Isis Bint Sirdar

On my way home tonight, the barn manager called and said Isis was lame today. Severely lame. She was not wanting to put any weight on her front right foot, had trouble turning that direction, and stood with her leg held up. He had examined her legs, shoulders, neck, cleaned her feet and found nothing. No obvious reason why she would be lame.

I asked him to give her a bute and call me in the morning. It would be well after dark before I could get to the barn. During the hour-long drive in to town, the more I thought about it, the more I realized I had to go out and see her. I couldn’t just let it go until morning.

Just like everything for the past two weeks, I had no idea what would be causing this episode of lameness. She had been lame the day before. She had also been trimmed. My farrier is very good, and has rarely trimmed her so she was sore. I also gooped Isis with the liniment yesterday form her shoulders down to her fetlocks and rubbed it in, hoping that would help. Of couse today, I’m wondering if that just hindered her in some way.

One of the other horses had an abscess. Maybe Isis’ lameness was caused by one of the stone bruises from the trail ride abscessing? It might explain not only the lameness but why she was suddenly more sore today. The trim could have made the infection closer to the surface, which would result in increased lameness.

Who knows? All I know is that the mare I’ve spent two years so carefully helping to heal is lame again. I’ve dreamed about going on a trail ride with her off-site for years. When we finally do, and everything is carefully planned, everything seems to go wrong. And we’re paying for it over a month and more. I know, I know, no evidence that this lameness is tied in with the trail ride. Well, she hasn’t been thoroughy sound since that ride, so why wouldn’t the lameness be fallout from her workout?

It’s hard to describe how frustrating this is. I keep thinking that if the trail ride had just been either the walk up the hill on the stone *or* the trailering lesson, maybe she would be okay. We were so careful on the trail. We walked a few steps and then stopped. She wasn’t sweating or anything when we got back to the trailer. Her feet, however, were very sore.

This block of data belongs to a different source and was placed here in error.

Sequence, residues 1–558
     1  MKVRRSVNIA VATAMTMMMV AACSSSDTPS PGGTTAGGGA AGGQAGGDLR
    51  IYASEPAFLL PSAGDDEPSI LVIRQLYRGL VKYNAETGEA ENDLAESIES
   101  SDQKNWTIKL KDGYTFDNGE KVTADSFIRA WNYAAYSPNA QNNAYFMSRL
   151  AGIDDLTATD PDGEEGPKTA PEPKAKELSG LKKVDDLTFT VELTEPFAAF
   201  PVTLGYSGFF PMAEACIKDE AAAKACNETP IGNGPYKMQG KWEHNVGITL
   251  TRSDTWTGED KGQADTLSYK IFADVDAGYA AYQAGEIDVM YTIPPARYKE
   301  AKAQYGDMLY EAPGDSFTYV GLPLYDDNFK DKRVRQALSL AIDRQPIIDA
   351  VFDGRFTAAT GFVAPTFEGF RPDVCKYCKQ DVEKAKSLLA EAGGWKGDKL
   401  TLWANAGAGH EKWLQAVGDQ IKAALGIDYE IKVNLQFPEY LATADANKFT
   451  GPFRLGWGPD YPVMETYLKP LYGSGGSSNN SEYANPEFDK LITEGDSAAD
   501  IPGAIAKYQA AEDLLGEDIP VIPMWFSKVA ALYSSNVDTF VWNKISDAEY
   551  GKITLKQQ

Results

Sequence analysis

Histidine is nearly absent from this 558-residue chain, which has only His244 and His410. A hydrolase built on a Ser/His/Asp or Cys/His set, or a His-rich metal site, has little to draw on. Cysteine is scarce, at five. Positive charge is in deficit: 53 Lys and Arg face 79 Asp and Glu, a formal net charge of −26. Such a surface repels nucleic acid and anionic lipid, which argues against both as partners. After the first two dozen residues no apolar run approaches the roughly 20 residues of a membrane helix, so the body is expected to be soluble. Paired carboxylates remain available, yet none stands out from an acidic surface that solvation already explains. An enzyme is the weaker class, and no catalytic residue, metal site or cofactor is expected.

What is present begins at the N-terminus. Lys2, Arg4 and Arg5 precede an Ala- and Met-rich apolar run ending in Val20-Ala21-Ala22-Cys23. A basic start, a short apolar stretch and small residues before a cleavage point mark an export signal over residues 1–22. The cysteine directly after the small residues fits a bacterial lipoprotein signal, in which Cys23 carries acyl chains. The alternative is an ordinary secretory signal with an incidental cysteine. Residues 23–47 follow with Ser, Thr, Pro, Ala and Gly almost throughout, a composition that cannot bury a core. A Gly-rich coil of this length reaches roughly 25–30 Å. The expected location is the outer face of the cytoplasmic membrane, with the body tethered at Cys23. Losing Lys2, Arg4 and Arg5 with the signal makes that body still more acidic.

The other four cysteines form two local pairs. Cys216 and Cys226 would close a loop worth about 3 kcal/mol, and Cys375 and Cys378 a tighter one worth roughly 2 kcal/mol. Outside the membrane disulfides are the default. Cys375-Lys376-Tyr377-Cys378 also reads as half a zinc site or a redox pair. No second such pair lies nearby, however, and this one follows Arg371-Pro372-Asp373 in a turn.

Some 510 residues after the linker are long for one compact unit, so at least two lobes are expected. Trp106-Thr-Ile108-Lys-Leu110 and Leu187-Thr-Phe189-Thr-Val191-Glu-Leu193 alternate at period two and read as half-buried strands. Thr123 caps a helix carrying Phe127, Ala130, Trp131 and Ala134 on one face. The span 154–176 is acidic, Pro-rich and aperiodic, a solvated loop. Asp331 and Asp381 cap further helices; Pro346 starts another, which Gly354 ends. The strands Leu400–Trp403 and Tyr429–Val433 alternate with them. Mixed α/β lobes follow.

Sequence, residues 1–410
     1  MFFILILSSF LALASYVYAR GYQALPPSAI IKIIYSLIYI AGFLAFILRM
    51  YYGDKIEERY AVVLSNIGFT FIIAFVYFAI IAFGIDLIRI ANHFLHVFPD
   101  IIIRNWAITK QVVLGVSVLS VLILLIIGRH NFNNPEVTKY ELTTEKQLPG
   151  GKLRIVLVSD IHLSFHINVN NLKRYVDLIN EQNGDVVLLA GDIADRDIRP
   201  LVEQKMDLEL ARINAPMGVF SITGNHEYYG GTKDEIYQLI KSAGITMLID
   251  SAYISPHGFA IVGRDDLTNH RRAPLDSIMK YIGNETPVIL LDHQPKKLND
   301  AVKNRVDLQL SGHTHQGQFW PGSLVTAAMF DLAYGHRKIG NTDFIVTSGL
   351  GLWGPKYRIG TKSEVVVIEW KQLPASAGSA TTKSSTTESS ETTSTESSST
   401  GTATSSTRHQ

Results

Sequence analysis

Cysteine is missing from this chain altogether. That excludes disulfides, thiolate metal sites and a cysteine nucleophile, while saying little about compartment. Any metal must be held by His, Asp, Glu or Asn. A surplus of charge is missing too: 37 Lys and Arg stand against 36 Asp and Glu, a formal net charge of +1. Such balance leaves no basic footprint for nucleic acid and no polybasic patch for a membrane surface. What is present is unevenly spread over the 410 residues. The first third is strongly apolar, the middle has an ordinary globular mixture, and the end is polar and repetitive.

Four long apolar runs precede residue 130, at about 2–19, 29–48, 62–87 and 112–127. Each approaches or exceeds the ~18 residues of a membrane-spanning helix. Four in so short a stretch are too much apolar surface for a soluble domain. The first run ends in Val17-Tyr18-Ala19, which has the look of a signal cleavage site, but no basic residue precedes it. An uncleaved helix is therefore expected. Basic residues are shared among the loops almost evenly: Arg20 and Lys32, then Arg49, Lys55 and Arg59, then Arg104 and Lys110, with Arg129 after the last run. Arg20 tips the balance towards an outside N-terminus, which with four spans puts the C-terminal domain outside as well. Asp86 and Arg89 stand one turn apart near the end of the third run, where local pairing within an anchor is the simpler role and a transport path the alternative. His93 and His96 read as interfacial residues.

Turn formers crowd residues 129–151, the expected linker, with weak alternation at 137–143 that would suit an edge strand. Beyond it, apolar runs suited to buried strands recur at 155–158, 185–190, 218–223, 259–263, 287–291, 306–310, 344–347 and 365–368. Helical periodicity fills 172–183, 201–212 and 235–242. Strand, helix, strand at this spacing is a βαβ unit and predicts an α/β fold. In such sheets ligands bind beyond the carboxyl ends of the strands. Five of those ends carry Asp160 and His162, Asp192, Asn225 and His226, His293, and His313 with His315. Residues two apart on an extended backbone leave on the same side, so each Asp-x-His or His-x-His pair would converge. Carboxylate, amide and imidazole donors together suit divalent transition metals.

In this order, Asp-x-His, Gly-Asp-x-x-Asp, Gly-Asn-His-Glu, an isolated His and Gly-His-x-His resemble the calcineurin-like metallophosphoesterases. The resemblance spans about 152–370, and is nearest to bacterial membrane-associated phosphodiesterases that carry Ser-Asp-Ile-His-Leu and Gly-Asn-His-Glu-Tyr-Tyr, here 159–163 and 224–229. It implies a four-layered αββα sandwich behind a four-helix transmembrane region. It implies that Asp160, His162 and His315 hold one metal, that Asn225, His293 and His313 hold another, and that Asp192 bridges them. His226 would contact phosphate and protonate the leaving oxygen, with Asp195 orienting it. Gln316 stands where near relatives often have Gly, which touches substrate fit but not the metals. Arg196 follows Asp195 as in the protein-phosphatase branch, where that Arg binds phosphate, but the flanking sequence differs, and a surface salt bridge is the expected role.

I’m looking for something to point to and say if I don’t do that again then this won’t happen. With a danger-prone horse like Isis, that is an impossibility. Even in a rubberized room, her curiosity would still get the better of her.

Those summer sore on her stomach are still there. I’ve been treating them for weeks. The swelling on her belly is at least gone, but the skin where the swelling was is flaky and very itchy. She’s been rubbing her belly in the dirt to itch it at times. I’m using gnat away cream on it during the day and a tea-tree oil/hydrocortisone cream during the night to help fight itching.

At least the rainrot is staying under control this year. She has a spot or two on her legs, but that’s it.

The worry-wort part of me thinks that maybe Isis won’t be able to be ridden again. Last time the vet was out, Isis was okayed for breeding too. Maybe all I’ll be able to do is breed her… although I can only afford two horses. A third would be too expensive. (When the board bill is more then the rent, you know something is wrong.)

I called my Mom when I got home. She knew as soon as I called that smething was wrong. She patiently listened and reminded me that most likely it was just an abscess, which is easy to correct. It just takes time. I shouldn’t focus on anything else until I’d talked to the vet. Worrying wouldn’t do me any good. She reminded me that I’ve done everything I can do. She’s right, of course. (Aren’t Moms usually?) I really appreciated her listening to me vent about Isis.

Sometimes Moms are great to remind you what is important. Especially a Mom who has horses and understands that horses are family members too.

Categories: Horses

Kim (Ceffyl)

Writing rider.


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